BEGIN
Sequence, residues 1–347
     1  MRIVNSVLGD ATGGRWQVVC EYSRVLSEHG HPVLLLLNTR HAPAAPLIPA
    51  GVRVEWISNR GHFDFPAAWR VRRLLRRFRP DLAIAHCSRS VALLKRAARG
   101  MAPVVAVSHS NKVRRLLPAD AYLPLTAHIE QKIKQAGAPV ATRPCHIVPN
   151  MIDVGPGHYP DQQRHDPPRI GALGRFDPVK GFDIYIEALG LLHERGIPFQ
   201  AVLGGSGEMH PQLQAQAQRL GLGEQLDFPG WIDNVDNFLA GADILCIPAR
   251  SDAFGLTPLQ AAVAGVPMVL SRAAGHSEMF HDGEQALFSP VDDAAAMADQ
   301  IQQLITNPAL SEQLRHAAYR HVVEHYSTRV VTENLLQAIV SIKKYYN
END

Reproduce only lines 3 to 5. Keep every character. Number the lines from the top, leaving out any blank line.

    51  GVRVEWISNR GHFDFPAAWR VRRLLRRFRP DLAIAHCSRS VALLKRAARG
   101  MAPVVAVSHS NKVRRLLPAD AYLPLTAHIE QKIKQAGAPV ATRPCHIVPN
   151  MIDVGPGHYP DQQRHDPPRI GALGRFDPVK GFDIYIEALG LLHERGIPFQ